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[Written for the Herald]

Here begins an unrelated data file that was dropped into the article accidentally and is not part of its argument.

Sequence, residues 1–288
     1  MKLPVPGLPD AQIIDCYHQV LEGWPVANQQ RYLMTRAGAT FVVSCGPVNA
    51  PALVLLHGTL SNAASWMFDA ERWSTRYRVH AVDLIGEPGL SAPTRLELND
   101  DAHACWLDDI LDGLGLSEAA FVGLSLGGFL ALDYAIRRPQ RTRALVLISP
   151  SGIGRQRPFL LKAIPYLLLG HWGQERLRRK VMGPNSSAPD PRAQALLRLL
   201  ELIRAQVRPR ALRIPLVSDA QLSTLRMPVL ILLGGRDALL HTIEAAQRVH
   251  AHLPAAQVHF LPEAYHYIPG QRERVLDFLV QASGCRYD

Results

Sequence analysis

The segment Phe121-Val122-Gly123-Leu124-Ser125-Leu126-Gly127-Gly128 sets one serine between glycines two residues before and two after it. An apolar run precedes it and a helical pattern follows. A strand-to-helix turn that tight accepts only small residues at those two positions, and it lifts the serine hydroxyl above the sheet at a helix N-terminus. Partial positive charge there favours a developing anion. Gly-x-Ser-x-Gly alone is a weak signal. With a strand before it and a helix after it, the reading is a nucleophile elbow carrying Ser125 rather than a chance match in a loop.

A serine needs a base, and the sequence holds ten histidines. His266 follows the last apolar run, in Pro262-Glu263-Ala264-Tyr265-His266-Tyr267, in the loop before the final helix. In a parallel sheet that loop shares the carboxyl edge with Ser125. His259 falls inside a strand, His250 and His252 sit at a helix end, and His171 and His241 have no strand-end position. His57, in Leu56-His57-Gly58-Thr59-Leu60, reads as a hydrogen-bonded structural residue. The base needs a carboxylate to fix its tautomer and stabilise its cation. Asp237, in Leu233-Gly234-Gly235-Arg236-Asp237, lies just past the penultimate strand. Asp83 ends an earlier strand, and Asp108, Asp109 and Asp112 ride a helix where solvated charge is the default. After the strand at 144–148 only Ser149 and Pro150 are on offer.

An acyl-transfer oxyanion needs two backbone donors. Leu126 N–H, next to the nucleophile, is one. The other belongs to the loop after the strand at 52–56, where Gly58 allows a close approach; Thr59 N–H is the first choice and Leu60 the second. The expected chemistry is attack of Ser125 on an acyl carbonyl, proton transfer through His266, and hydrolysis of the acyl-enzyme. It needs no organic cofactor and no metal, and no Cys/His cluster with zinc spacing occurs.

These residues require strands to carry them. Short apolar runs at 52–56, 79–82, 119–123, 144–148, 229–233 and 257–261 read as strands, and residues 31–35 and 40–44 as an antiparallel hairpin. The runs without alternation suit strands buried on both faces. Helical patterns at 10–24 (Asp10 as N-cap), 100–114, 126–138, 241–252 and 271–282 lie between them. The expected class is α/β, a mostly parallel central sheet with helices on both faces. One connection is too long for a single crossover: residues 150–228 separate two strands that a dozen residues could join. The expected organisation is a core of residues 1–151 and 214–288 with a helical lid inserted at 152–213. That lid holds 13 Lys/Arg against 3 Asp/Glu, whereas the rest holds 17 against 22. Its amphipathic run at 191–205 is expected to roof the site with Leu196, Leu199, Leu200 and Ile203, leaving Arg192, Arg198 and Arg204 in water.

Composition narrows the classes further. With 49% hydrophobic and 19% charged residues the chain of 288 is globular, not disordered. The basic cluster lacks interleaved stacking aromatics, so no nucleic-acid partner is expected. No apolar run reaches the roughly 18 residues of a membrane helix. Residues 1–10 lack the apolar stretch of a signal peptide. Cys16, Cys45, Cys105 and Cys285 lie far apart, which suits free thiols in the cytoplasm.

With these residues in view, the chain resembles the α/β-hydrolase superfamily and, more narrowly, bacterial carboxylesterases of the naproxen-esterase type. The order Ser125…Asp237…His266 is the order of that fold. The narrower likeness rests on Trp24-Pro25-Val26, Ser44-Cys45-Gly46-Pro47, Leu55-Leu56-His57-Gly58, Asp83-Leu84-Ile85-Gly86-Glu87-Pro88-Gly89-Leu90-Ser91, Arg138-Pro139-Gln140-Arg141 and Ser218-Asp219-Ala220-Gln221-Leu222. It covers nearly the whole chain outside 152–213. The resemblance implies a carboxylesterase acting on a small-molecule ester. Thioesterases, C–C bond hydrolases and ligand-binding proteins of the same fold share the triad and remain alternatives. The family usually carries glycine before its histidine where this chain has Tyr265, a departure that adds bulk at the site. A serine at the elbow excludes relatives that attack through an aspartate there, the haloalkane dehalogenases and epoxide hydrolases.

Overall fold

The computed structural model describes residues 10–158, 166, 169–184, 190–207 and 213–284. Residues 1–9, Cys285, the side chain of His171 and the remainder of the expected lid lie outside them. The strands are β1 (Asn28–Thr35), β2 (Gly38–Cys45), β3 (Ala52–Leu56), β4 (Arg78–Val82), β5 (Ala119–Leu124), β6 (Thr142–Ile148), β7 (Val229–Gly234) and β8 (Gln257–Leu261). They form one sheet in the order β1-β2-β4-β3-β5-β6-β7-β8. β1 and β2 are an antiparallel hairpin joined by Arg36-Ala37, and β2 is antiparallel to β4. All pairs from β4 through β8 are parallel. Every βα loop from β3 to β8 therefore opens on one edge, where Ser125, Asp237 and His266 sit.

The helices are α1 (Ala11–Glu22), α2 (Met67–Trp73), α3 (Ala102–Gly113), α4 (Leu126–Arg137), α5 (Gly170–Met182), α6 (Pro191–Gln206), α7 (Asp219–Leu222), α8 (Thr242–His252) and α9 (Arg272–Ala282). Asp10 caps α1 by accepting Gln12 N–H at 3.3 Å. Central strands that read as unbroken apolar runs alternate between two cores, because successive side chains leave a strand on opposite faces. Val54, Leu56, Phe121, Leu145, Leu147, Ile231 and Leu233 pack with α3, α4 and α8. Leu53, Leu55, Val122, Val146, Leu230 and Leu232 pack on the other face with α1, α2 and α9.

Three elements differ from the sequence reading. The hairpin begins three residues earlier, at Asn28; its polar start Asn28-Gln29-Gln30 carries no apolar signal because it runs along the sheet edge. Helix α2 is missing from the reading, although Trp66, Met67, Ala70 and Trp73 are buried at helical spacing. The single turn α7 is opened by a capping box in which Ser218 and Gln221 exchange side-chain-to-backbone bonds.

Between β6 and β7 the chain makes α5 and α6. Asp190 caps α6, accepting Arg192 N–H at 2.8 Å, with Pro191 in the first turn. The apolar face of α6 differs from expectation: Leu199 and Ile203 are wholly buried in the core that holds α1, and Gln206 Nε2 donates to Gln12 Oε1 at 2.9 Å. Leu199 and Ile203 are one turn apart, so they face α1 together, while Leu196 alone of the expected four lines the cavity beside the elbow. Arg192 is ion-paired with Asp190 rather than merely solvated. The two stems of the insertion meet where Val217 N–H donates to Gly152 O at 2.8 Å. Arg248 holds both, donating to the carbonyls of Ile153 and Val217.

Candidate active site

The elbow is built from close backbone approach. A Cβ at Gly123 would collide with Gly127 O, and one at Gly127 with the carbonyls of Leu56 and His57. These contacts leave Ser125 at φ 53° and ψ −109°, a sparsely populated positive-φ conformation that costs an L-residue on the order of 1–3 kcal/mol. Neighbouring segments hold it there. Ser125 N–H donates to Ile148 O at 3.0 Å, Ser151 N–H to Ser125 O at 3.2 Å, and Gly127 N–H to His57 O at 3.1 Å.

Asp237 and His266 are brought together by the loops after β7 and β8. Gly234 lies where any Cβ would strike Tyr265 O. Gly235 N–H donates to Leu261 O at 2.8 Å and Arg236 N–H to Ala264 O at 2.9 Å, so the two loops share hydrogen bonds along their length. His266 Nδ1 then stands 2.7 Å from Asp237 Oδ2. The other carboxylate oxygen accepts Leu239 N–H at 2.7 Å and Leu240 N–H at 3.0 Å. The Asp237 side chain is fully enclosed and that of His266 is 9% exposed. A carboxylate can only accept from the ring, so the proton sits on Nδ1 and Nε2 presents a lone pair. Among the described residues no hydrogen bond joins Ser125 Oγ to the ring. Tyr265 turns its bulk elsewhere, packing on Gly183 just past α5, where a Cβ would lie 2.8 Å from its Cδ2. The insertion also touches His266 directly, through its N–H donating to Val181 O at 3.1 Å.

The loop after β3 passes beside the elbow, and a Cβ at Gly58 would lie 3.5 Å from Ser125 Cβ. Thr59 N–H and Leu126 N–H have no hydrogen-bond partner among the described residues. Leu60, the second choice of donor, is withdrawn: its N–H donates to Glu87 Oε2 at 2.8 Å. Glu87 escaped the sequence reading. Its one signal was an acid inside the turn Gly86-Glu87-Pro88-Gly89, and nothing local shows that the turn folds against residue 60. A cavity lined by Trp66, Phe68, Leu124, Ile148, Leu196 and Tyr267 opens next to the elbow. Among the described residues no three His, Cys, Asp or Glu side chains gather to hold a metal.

THE INDIAN QUESTION. BY REV. GEORGE G. SMITH. As the traditional ghost of a murdered man is represented to have appeared and reappeared to his murderer times without number, so the Indian obtrudes himself with blood-red face and hands at our National Capital, accusing, threat ening, and frightfully disturbing that part of our administration, civil and military, which relates to him. The Indian question is one of the most intri cate, perplexing and important of all the prob lems that demand solution at the hands of our government. It seems almost presumptuous to approach the discussion of a subject beset with such difficulties, yet this of all subjects that con cern our national polity most needs to be dis cussed ; for although the Indian may remind us in respect of his obtrusiveness of the ghost that would not down, the Indian is by no means a ghost, but, on the other hand, is a very live and active enemy of the public peace, and all the questions that relate to our treatment of him are living questions, and call for early and eternally decisive answering. It is not possible, in an article brief as this must be, to examine into the origin of the In dians and their history upon this continent. It would be extremely interesting to consider all that may be learnt from their physical and men tal characteristics, their traditions, weapons, modes of warfare, costumes, dwellings, lan guages and tribal organization, and to inquire what light the knowledge of these things sheds upon the derivation of the Indian. It is more to my present purpose, however, to take as I find them within the United States the facts that bear upon the relations between the white man and the red, and to ask what spirit should vital ize and direct our own conduct and the policy of our government in indian affairs. I.—The facts on the Indian side of the ques tion : 1. —The Indian is a Man —as you are, my reader; as lam. He who kills an Indian un der any circumstances or for any reason that would not justify the killing of a white man, commits murder. He who wrongs an Indian is accountable to God, and should be held by man accountable for the offense. The unreasonable and savage propensity to regard the Indian and treat him as if he were nothing more than a supremely ferocious and fiendish brute no just man will for a moment indulge, countenance or excuse. He who pronounces the extermination of the Indian the legitimate and desirable solu tion of the Indian question, proves himself either dangerously inconsiderate or shockingly malicious. The man who deliberately declares thejonly possible good Indian a dead one can be regarded better in any respect than such an In dian only as a living dog is better than a dead lion. Our own ancestors were heathen savages. The descendants of the Indian may move upon a higher plane of civilization than that on which we stand. Thousands of men upon the frontier exhibit most clearly in their foolish and cruel comments upon Indian affairs their own savage origin and their present incapacity for indepen dent and just judgment. Like senseless sheep they follow the bell-wether, let him leap a sun beam or plunge into a pit. The base counter from brutal brains passes, even with multitudes of worthy men who ought to stamp and issue their own honest currency, for sterling coin of the realm of thought. Let us come back to this primary truth :—the Indian is a Man. 2. —The Indian, being a man, thinks and feels as we should if we were in his place. His thought anti feeling are limited, modified and perverted as our own would be were we, in a barbarous condition, subjected to the influences that affect him. The birth and rearing of the Indian, and all the circumstances that mould his character, form his opinions and excite his hostilities must be taken into account. 3. —Hefore the foot of the white man pressed this continent the red man had been for centur ies the monarch of all he surveyed. Whether reasonably and justly or not, he believes him self the rightful owner of the broad territory now comprised within the United States. To determine how righteous was his claim you must discuss with profound learning and can dor the question :—What constitutes a really just tenure of land ? A powerful government such as ours may assume the right, as it has the might, to distribute under laws of its own adop tion vast regions long held as their possession by Indian tribes. How righteously were con cluded and observed the treaties by which the government acquired these lands may seem to the white settler a matter of small importance. The Indian will form a different judgment on this point. So would you and I if put into his place. 1 suppose we have but the faintest conception of the strength of the Indian's attachment to the country he has long frequented. The white man loves the haunts of his childhood. In the earliest years of life Nature is the playfellow of the child, his intimate, his friend and his teach er. His converse is with trees, grasses and flowers, with clouds and skies, zephyr and gale, brook, river and ocean, hill, mountain and meadow, with mellow sunlight, with calm and queenly moon and solemn stars. The living things that God has made have also been taken into companionship by.the child, or have in one way or another borne close relation to his interests. But as the white child approaches maturity he exchanges the simple and poetic pleasures ministered by Nature for the lessons of the schools and the occupations of busy life. The artificial pursuits of civilized society too often remove him from the contemplation of Nature and almost smother the memory of the as as an to us a It I influences she shed upon his opening mind. The Indian, on the other hand, is all his life in intimate communion with Nature, attent all her voices and observant of all her moods. Through all his years he is, as much as in his childhood, devoted to the study of the outer world and dependent upon this pursuit for pleasures analogous to those which we derive from .Poetry, Art, and all the resources of refined society. The world is his gallery and library» and God the author, the poet, the artist. There fore, that part of the world in which he was bom and lived and ranged he loves with pas sionate affection and reverences with supersti tious awe. We cannot wonder at this. The least attractive landscapes present many phases of beau'y. Even sandy plains and mountains of bald and rugged rock appear in the blue dis tance, or when variegated by light and shade glorified by the rich tints of sunset, unspeakably beautiful. But all the attractive scenery of this wide continent has lain under the eye of the In dian. The roar of the Atlantic has been to him as the voice of his Maker. The lakes, rivers, mountains, woods and plains have been his de light, and he has loved them better than we love. Where in grand forests sunlight and wind, playing with the tree-tops, wove golden lacework on green or sombre ground; where the birds sang and timid creatures browsed, the Indian made his hunting ground and home. Here he lived and roamed when the woods were decked with dew-drops glittering in sum mer sunshine, or were brilliant with the ice-gems of winter. The hunter finds strange fascination in the wild life he leads on the great plains and among the Rocky Mountains. Two results, I think, flow from life in the open air:—man gains real and desirable æsthetic culture, and he de velops self-reliance and strength. Charles Kingsley thought England owed much to what he called "The brave east wind." To face its harsh and searching blasts developed, he be lieved, vigor and manliness. Now the hunter battles with wind and storm, braves many forms of danger and becomes manly and well-poised. A hardier, more robust, manlier class of men than you find in mountain hut or on coach-box in all this region, from British America to the Mexican line, you may challenge the world to produce. Nearly all these men are Americans. The superior enterprise and boldness of our people are apparent in all this frontier land. What the adventurous American lad used to seek upon the ocean he finds now in life on the plains, and in the mountains of the West. This is one reason why our navy and our merchant marine service go begging for seamen. A life as wild, as full of every element of interest and of danger, aud far freer than that of the sailor is found on the frontier. Nature exerts a strange power upon these wild, brave men. They are obliged to observe her in all her aspects, by day and by night, and they become enamored of the freedom of the lot that affords them such sweet fellowship with her. I doubt not they find in it the same charm that bound with mystic cords to the life of outlaws in Sherwood Forest Robin Hood and his followers. It is a mistake to be lieve the Indian incapable of feeling the same spell. He is in a high degree susceptible to the influences of Nature. A certain Indian village built upon a high butte or mesa in Arizona is remote from water and from the lands tilled by its inhabitants. By instructions from Washington the agent of the tribe to which this village belongs used every inducement to persuade the people to build a new town near the water and the grain fields. "Our fathers dwelt upon this hill and saw from it the yellow sun : here we, too, will live and die." This was the final and decisive answer. The Moquis of that village continue to this day to carry from a distance in earthern jars the water that supplies their homes. Similarly the roving tribes are attached to their hunting grounds. When, therefore, the Indian is per suaded or forced to part with his patrimony—to sell his birthright for a mess of pottage—it is natural and right that he should at least require the pottage to be put into his hands, and to be as good as that for which he stipulated, and as abundant. In other words, the Indian has a right to expect to be dealt with in good faith. It is a notorious fact that Americans, not con tent with the lands laid open to them by the government, have, prompted by avarice, law lessly invaded the reservations set apart for the Indians. It is not surprising that men of this son are accustomed to breathe «ut threatenings and slaughter against the Indians whom they have wronged and therefore hate. I was waiting, some years ago, in the little station house at Kit Carson, on the Kansas Pa cific railroad. Among the travelers there con versation turned upon the Indians. I avowed some sympathy for the savage, and expressed my sense of the wrongs he often suffers. An outburst of rage and profanity fixed my gaze upon a stalwart ranch-man. "The red devils," said he, "if I had them all in that sack (and he pointed at a bag lying on the floor), I would chuck them into that stove (which was red-hot) as if they were so many bed-bugs." Is such a man fit to deal with Indians, or to dictate what treatment tl .c gr trernruent shall mete out in its management of Indian affairs? Such men tres pass upon the Indians, rob them, excite them to revenge, then curse and kill them. Earl Chat ham declared that if he had been an American, as he was an Englishman, he would never, while a foreign soldier was on American soil, lay down his arms—"Never, Never, NEVER! " What would he have done, what would you, as an Indian ? 4-—The Indian policy of the government has not been stable. The tribes have been bandied from one department to another to the mutual injury of the administration and the Indian. to all or a 5.—Under whatever department the Indian has been placed he has been wronged in many instances by the servants of our government. In discriminate charges of universal or general cor ruption, whether these are made against civil or military officers who have at different times ex ecuted our Indian policy, will, upon honest in quiry, be found as false as they are gratuitous. If the only aim were honest administration it would matter little, I think, to which department of the Government the Indian Bureau should be assigned. I have known hundreds of officers of the army and also many Indian agents appoint ed from civil life. It would be difficult to say in which service is found the greater proportion of corrupt and inefficient men. It is hard to be lieve that army officers who drink, gamble, and leave to their inferiors the whole care of inter ests for which the commissioned officer is re sponsible, signing, nevertheless, documents for the truthfulness of which they are altogether in competent to vouch, would be miraculously re newed into trustworthy Indian agents by a process so simple as the transfer to the War De partment of the conduct of Indian affairs. I know officers of the army who are true as Da mascus blades, and Indian agents who are crooked as their own pay rolls ; and on the other hand I know' thoroughly pure, efficient and noble Indian agents and scandalously weak, and vicious, and dishonorable officers of the army. The opinion so often expressed that the system of checks and vouchers in vogue under the War Department is superior as a safe-guard of integ rity to the system practiced by the Department of the Interior is not supported by facts. Un der the Indian Bureau of the Interior Depart ment checks and counter checks are multiplied to an appalling number and strained to fearful stringency. The dishonest Indian agent must perjure himsel and suborn perjury at every step of his disgraceful course. Montana is said to have been somewhat conspicuous for the corrupt dealing of some of its Indian agents. There are parts of the country where a dishonest In dian agent is rare,and is removed promptly so soon as he is even fairly suspected of wrong. Bad and pestilential officials are among the greatest obstacles to a successful working of our Indian service. Intemperate, licentious and violent subordinates magnify and multiply the ills in flicted upon the Indian. II.—Against the Indian the white man has many charges to prefer. 1— The Indian is foul in person and filthy in his habits. 2— It is said that he is lazy and will not work. 3.—He is exceedingly cruel and fiendish to his foes. Sometimes he seems to revel in mer ciless infliction of pain. Lately in New Mexi co the Southern Apaches slaughtered many white men and cut off the thumbs and toes of their victims, into whose mouths and eye-sock ets they wedged the dissevered members. They also mutilated the dumb animals of the slain and left them to live in torture. 4—The Indian is declared to be treacherous, ungrateful and cowardly. 5.—It is asserted that he is incapable of being civilized; that after having been subjected for years to the best influences of enlightened and refined society he at once » elapses into barbarity upon being restored to his own people. In comment upon these charges it may be said that all barba» ous peoples are dirty and cruel ; that the Indian is not more cruel than the Roman was ; that men do not work until they can be assured of the possession and control of the results of their labor; that the tribal or ganization of the Indians in many cases, and American aggression in other cases, make void the title of the Indian to what he may have ac quired by work ; that the white man can ill af ford to speak of the treachery of the Indian un til our race shall have set him an example of good faith, of his ingratitude until we have giv en him something for which to be thankful, or of his cowardice so long as he is ready with his small forces to engage in warfare with our peo ple and army ; that no fair and thorough en deavor to civilize the Indian will end in re signing him again to all the untoward and bar barous influences of his own wild tribe ; and that the Indian has been, in cases where the ex periment was properly made, civilized and Christianized. I have no faith in any effort to civilize the Indian if it do not rest upon the basis of some permanent policy of the Government and upon a persevering and unintermitted application of all the means of Christian education. Dissolution of the tribal organization, and conditional en franchisement of the Indian seem also essential. To aid in the reform an Indian soldiery and In dian police, both officered by white men of su perior merit, would be invaluable. I may be allowed to say a few words about the Christianization of the Indian. Believing as I do that only a Christian civilization can re> cover him from his barbarous condition, and believing thoroughly that the Indian can be Christianized I would direct attention to one feature of the present Indian policy. I cannot in any other way so well set the subject forth as by copying the subjoined letter, addressed May 18, 1872, to John C. Lowrie, D. D., by B. R. Cowan, Acting Secretary of the Depart ment of the Interior, at Washington. "SiF: I have received your letter of the 16th inst., in which you enquire whether in the opinion of this department the responsibili ty of a Missionary Board ends with the nomina tion of Indian agents, or is to be considered as extending also to their conduct after their ap pointment to office. I will enter more fully in to the subject than merely answering the ques tion propounded by you. "On the 19th of August, 1870, Mr. Secretary Cox communicated to the various missionary Indian many In cor or ex in it be say be and inter re for in re a De I Da are the and and army. War integ Un must of have In so Bad in has in not to mer many of They slain for and be and than until or and void ac af un of giv or his peo en re bar and ex and the a all en In su re> be by in as societies the Indian policy of the Government, and invited their co-operation in the work. He also asked of them recommendations for the appointment of agents for the agencies respec tively tendered each association, with the un derstanding that the several agents would be allowed employees and subordinates selected also ty their own missionary associations, so as to make each agency a unit in purpose and spir it, and so add to its efficiency in the work ofln dian civilization and advancement. The ideas expressed by him are still entertained by this department. "Harmony and unity of purpose should ex ist between the society, the agents and their employes to the same extent as between the society and the government, and the agent should, as far as practicable, in all cases recom mend only such employes as will enter fully and cheerfully into the religious and moral training of the Indian, and who are worthy and acceptable to the missionary society having the supervision of the agency. "The agent should not consider himself after appointment as released from the oversight and care of the society, and should, by all means at his command, do his utmost to further the mis sionary work under his charge. Nor will an agent be permitted to remain in office who ren ders himself obnoxious to the society upon whose recommendation he was appointed. "In many instances the exigencies of the ser vice require immediate action, where delay would be a detriment to the service. In such cases time would not permit the agents consulting the so ciety ; but at all other times he should submit to it the names of all new appointees before sending the nominations here for confirmation. "Very respectfully," etc. From this letter we learn that under the pres ent policy 1. —Indian agents are, as a rule, to be nomi nated by the various Christian missionary so cieties of the country. 2. —The appointments of agents and their subordinates come from the Secretary of the In terior, who does not necessarily appoint the men nominated, but exercises his own discre tion as to the fitness of candidates. 3. —The declared aim of the government is to make the agencies efficient instruments for the "civilization and advancement" of the In dian, and to appoint only such officials as will "enter fully and cheerfully into the religious and moral training" of the red man. This policy has been severely criticised. It is said to establish a union of Church and State. Whatever other objections may lie against it, think this one is not well taken. If only one church had been entrusted with the duty of aid ing to civilize and Christianize the Indian the objections would be valid. We may truthfully say that the plan does assume that our country and government are, nominally, at least, Chris tian. So they are. God grant that so they ever may continue. We do not reckon our era from the year of the world, or from the hegira of Mohammed, but from the birth of Christ. Our government Is not sectarian. It tolerates all religions. But nothing in its Constitution or laws binds it to refrain from teaching as the standard of moral and civilizing truth the com mandments of Israel's God and the precepts and faith of the Lord Jesus Christ. Christian American, stand bravely to this truth! There seemed to be one of three courses open to the government : It could attempt to civil ize the Indian and utterly ignore the grandest civilizing instrumentality — Christianity. It could invite all denominations to send their missionaries indiscriminately to all the tribes without any respect to the relative needs of the Indians or to inter-ecclesiastical comity. It could adopt the plan now pursued. The first course would have been altogether indefensible. The second would have planted in some tribes several diverse denominational beliefs, and would have left other tribes desti ' A tute of all Christian teaching. If Christianity is to be regarded either as the essential basis of sound civilization such as our nation approves, or as the strongest support of this civilization, the course adopted seems to be the only one consistent with the nation's duty to the Indian. Let the government beware of abandoning it until a better can be devised. Let the endeav or rather be to perfect this policy and to bring all the churches to that conscientious and zeal ous performance of the work allotted, which has characterized so far only a few denomina tions. Shame upon the Christian people of the land that some of the societies have so dis gracefully performed their part in the work. In conclusion I will recapitulate the outline of reforms that have appeared possible and needed. I —An amendment of the Constitution of the United States to place the Indian Bureau per manently under one department or another and stop much of the rash legislation that now tri fles with Indian affairs. 2. —The adoption of a plan that will assume as possible and obligatory the civilizing of the Indians. 3. —Absolutely just and kind treatment of the Indian, and a code of laws for guidance of In dians and whites in all their relations to each other. To these laws should be affixed penal ties that would bear with equal severity upon white and Indian who transgressed. 4. —The dissolution of tribal organizations. 5.—The organization of Indian soldiery and police. 6. —The conditional enfranchisement of the Indian. 7. —The last reform I will mention should be practiced by all of us, and by all Christian denominations, by the faithful use of all our opportunities to teach the Indian the nature of a truly Christian and liberal and industrious society and civilization. as at is It I of or [Written for the Herald.] SILVER m m VICINITY, Mining and Milling Results in a Gold District. BY R. H. KEMP. I have just finished a "round-up" of the camps in this vicinity, and the following is the result of my observations and information gained : The Penobscot has crushed 11,222 tons in the past year. Average value of ore saved, $18 42*100 per ton. Total amount of bullion sold amounts to $206,709 24-100 ; 1,900 feet of levels have been run in the past year ; 495 feet of sinking has been done during the year, including shafts and winzes. The company had only ten stamps and three arastra tubs until November 20tb, 1878, when ten were added. Ten stamps more started April 22d, 1879. The next ten stamp* started May 20th, 1879. Six additional arastra beds started May 25th, 1879. An arastra treats six tons per 24 hours, and has only aVefaigëd half-time since. This report is from November 1, 1878, to November 1, 1879. The mill can be run two years on ore yet in the stopes. The main shaft, 260 feet deep, shows twenty feet of pay ore in the bottom. The Belmont mine has crushed 6,038 tons. Averaged $11.25 per ton saved. Sold bullion to the amount of $79,608 27-100. Three tunnels extended on the lode, in the aggre gate t'00 feet. A winz sunk 160 feet, con nects tunnel No. 1 with No. 3. The company has done considerable dead work in the past year, but have come out ahead, and will make plenty of money hereafter. The work in the mine is now being doneon the contract sys tem, instead of the day's pay system. This report is from November 1, 1878, to Novem ber 1, 1879. L. C. Trent, General Manager ; Wm. Muth, Secretary and Cashier. Blue Bird (Hickey mine.) I could get no exact figuresas to the number of tons treated. The ore averages now about $47.00 per ton. Cotter & Hickey have sold gold since the discovery of the mine to the amount of over $100,000. About $65,000 were produced in the past year. The deepest shaft, 175 feet, carries from four to eight feet of good pay ore. The Sanford mine, discovered last fall, has furnished several hundred tons of ore. Aver age by mill test, $20 per ton. Five stamps of the Cotter & Hickey mill are running on this ore. Owned by S&ndford, Woods & Shan non. Shaft, 60 feet deep ; carries from three to five feet of pay ore. The Whippoorwill mine milled 1,800 tons of ore. Average saved, $12 45-100 per ton. Sold in gold, $22,398 75-100. The mill has not run half the time. The mine is still work ing 11 men, but the mill has not been run ning for some time. This property is owned by Vestel & Leahry. The Gloster mine mill started on December 10th. It treats six tons every twentytfour hours and averages $15 to $20 per ton. The mine carries from 4 to 8 feet of pay ore/ Owned by Mitchell, Powers, Culenen and Fogarty. It will pay well in the future no doubt. The Drum Lummond mine, milled by Wm. Mayger, 204 tons from a poor part of the mine, which gave it no fair test, and yielded about $9.00 per ton. The lode is 59 feet be tween walls, carrying some streaks of very high grade ore. When the ore is assorted at the mine it will pay as well as any lead in Montana. A cross cut tunnel 300 feet long cuts the vein 125 feet deep. Thomas Corsen, sole owner. Number of stamps in operation at present Penobscot Mill.....................................40 Belmont Mill.......................................20 Whipporwill Mill.............. 10 Cotter & Hickey Mill...............................10 Gloster Mill..,......................................5 Mayger Mill........................................5 Total 90 Number of arastra beds : Penobscot Arastra.................................. 9 Whipporwill Arastra.............................. 2 Emma Miller Arastra............................... 3 Total...............................................14 Amount produced in the past year : Penobscot..................................|206,T09 24 Belmont................................... 79,608 27 Whippowill................................ 22,398 70 Maygeris Mill.............................. 3,000 00 Cotter & Hickey.......................... 66,000 00 Gloster................................... 1,500 (0 Emma Miller Arastra...................... 2,600 00 Total yield of District.....................| 380,716 21 The last three are approximations, but from the data 1 have I am satisfied the figures are not far wrong. Besides this there are a number of placer mines, of which I have no account There are also any number of good mines in various stages of development, some of them being as valuable, to all appearances, as those described. I regret that time and space will not admit of a notice of all of them. ' ^ Specimen of Rich Silver Ore. As an evidence of the richness of our sil ver mines we can vouch for the following ; From seven pounds of ore taken from the Islington mine, within sight of Helena, Capt. Guyer smelted out in an ordinary cru cible a button weighing two and one-eight pounds of pure silver. solid Credit. The financial standing of Montana may be judged by the circumstance that, in convert ing her indebtedness from ten into seven per cents, recently, her bonds were all bid for at a premium of nearly one per cent The as sessible wealth of the Territory expanded nearly $3,000,000 Coring the past year, and promises largely to exceed this amount dur ing 1880.